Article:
Stephen Colby

Died 1779.

Colby was commissioned lieutenant on 11 March 1742 and promoted commander on 30 March 1746 when he joined the newly purchased Albany 14 at Louisbourg. He held the command of this vessel for a few months only until she was captured by the French frigate Castor 28 in Chedabucto Bay, Nova Scotia on 19 July 1746 with the loss of one man killed.

Following the end of the War of Austrian Succession in 1748 he commanded the Grampus 10 out of Greenock, Scotland, returning to Plymouth at the end of the latter year and then going around to the Nore in 1752.

Colby was posted captain of the newly launched Deal Castle 24 on 20 August 1756 although he did not take her to sea, and in July of the following year he was appointed to the Princess Amelia 80, joining Admiral Sir Edward Hawke’s expedition to Rochefort with the flag of Rear-Admiral Thomas Broderick. In April 1758 he commissioned the new Thames 32 for service in the Channel, but later in the year lost an eye after being hit by a musket ball in an action off Brest, for which impairment he was granted a 150 guinea pension.

Beau_fait_d'armes_du_capitaine_Troude_3895

Captain Colby’s Thames, pictured in the right foreground in action some forty years after he first took her sea

Continuing in the Thames, he earned a great deal of acclaim when in company with the Coventry 28, Captain Carr Scrope, he fought an action with the French sail of the line Palmier 74 in March 1759. Initial contact was made off the Scilly Islands on the morning of the 12th, and in rough weather that prevented the Frenchman from opening its lower gun-ports the Thames chased her larger opponent and an accompanying frigate towards Brest, occasionally heaving too and exchanging broadsides. At one point the Thames was obliged to break off the action with five feet of water in her hold and the magazine floor flooded, but when the Palmier resumed her course towards Brest Colby brought the Thames with the Coventry under her stern on the darkening afternoon of the 13th and raked her for several hours until she entered port.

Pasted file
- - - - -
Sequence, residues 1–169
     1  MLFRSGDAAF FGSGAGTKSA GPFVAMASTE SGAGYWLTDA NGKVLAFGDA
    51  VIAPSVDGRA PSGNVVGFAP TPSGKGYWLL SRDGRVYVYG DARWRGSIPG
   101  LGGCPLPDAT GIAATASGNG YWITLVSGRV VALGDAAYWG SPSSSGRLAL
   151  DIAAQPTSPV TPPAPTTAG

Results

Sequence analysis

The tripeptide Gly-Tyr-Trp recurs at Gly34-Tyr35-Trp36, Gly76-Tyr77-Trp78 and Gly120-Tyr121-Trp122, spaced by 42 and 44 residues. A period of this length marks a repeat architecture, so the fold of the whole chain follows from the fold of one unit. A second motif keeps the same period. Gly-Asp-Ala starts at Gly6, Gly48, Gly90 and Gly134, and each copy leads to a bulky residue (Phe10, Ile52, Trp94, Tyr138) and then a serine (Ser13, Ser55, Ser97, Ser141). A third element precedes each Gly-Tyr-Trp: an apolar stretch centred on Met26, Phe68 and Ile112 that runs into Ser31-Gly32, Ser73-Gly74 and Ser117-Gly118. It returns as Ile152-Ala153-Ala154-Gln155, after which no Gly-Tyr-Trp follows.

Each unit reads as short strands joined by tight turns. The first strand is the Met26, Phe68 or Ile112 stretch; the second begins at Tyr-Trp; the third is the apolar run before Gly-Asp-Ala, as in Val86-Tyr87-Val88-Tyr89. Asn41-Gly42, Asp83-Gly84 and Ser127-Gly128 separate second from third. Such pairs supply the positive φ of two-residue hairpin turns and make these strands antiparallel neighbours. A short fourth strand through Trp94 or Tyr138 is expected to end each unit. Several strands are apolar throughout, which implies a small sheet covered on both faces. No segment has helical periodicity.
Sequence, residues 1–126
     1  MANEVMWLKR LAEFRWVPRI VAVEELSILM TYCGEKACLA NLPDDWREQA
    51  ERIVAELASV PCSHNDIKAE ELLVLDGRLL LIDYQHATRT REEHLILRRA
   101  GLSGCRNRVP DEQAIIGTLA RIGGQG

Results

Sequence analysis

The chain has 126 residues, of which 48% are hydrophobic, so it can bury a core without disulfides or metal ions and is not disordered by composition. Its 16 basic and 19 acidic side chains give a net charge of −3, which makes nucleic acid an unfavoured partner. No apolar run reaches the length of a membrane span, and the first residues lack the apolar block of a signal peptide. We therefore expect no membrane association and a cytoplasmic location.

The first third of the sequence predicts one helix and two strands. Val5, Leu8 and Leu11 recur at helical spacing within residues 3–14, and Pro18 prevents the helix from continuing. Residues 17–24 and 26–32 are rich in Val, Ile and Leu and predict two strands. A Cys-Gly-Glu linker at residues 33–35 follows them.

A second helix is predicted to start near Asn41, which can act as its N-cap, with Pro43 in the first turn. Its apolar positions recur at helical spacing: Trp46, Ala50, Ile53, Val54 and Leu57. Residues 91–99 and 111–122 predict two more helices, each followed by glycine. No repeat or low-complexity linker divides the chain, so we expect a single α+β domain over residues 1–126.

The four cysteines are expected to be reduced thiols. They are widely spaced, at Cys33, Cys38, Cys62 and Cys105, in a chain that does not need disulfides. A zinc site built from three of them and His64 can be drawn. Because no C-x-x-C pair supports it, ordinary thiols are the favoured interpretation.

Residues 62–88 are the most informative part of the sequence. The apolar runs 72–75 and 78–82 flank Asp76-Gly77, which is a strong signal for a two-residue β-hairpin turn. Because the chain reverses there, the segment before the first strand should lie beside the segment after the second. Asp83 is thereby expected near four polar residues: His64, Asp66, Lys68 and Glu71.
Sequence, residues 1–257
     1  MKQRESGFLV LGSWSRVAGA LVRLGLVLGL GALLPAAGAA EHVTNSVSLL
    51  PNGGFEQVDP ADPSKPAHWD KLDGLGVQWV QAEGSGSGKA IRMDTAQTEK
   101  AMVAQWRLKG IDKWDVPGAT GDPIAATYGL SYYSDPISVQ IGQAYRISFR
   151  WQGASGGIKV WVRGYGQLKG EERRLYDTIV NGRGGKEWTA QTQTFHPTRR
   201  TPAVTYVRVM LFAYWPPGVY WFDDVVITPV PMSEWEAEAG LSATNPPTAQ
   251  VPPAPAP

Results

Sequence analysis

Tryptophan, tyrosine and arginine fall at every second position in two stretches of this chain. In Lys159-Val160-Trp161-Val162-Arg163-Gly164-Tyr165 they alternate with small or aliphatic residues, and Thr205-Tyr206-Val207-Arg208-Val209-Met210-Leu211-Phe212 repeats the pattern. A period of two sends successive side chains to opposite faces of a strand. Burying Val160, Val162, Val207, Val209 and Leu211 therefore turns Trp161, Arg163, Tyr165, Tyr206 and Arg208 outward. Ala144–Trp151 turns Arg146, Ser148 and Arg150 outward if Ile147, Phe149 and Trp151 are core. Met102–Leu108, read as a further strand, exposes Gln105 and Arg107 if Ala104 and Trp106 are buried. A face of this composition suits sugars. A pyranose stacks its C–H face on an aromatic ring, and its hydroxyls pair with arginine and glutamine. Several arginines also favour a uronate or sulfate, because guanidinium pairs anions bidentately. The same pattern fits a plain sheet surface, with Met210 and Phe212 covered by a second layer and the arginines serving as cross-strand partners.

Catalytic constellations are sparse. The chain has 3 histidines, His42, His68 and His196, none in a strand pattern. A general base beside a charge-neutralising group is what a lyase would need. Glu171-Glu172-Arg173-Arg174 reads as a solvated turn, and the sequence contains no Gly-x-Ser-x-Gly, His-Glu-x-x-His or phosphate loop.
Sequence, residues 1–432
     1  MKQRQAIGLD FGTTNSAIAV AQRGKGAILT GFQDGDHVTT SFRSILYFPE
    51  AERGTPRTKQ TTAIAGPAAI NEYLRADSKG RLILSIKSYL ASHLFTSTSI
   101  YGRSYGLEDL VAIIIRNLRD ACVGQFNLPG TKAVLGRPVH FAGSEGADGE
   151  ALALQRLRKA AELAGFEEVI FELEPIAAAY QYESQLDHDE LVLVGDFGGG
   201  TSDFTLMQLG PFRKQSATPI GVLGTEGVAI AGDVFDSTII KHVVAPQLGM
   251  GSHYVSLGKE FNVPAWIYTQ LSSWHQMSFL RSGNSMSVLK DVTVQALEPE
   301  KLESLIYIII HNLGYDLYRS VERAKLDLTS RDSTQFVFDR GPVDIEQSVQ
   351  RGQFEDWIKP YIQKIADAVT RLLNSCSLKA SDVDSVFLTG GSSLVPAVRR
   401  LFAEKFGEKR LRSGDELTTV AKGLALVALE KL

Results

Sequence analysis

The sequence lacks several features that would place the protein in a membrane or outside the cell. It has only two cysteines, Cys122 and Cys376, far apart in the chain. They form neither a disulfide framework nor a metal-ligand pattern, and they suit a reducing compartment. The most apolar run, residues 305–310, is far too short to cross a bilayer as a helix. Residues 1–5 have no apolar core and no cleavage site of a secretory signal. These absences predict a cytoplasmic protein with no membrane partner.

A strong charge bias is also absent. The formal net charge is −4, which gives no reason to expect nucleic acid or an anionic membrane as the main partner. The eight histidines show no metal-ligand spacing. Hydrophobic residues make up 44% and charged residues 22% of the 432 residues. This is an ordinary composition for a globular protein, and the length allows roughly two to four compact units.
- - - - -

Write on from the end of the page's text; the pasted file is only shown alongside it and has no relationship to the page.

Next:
On 18 May 1759 he earned further honour when he assisted the Chatham 50, Captain John Lockhart, and Venus 36, Captain Thomas Harrison, in the capture of the French frigate Arethusa 32 in Audierne Bay, being instrumental in forcing her into action and losing four men killed and eleven wounded. He remained in the Thames for another year, capturing the Morech 18 in company with the Coventry off Le Havre, and taking the privateer Bien Aime 36 off Tory Island on 26 September.

In January 1771 he recommissioned the guardship Kent 74 at Plymouth, retaining her but a year.

Colby was not employed thereafter until September 1777 when he joined the recommissioned Fame 74. He commanded her in Vice-Admiral Hon John Byron’s fleet that was sent out to North America on 9 June 1778, arriving off New York on 28 August after a storm has driven the ships apart. He later departed for the Leeward Islands in December with Byron but the Fame was dismasted within four days of sailing and was kept in company by the Diamond 32, Captain John Linzee, for another week before a further gale parted them near the Bermudas. Eventually the Fame made it into Barbados under a jury rig.

Captain Colby continued to command the Fame in the Leeward Islands during the early part of 1779 but he died later that year.

He bought the elegant property of Ffynnonau in Pembrokeshire in 1752, the ownership of which passed to his nephew on his death.